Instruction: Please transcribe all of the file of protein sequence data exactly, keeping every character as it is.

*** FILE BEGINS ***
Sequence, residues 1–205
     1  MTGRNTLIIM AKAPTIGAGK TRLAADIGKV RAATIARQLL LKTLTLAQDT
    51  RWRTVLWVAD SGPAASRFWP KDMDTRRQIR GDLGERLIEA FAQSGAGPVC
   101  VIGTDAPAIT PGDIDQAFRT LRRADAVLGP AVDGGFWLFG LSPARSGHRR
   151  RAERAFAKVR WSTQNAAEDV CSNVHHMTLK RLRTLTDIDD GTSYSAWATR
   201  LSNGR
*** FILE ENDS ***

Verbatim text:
Sequence, residues 1–205
     1  MTGRNTLIIM AKAPTIGAGK TRLAADIGKV RAATIARQLL LKTLTLAQDT
    51  RWRTVLWVAD SGPAASRFWP KDMDTRRQIR GDLGERLIEA FAQSGAGPVC
   101  VIGTDAPAIT PGDIDQAFRT LRRADAVLGP AVDGGFWLFG LSPARSGHRR
   151  RAERAFAKVR WSTQNAAEDV CSNVHHMTLK RLRTLTDIDD GTSYSAWATR
   201  LSNGR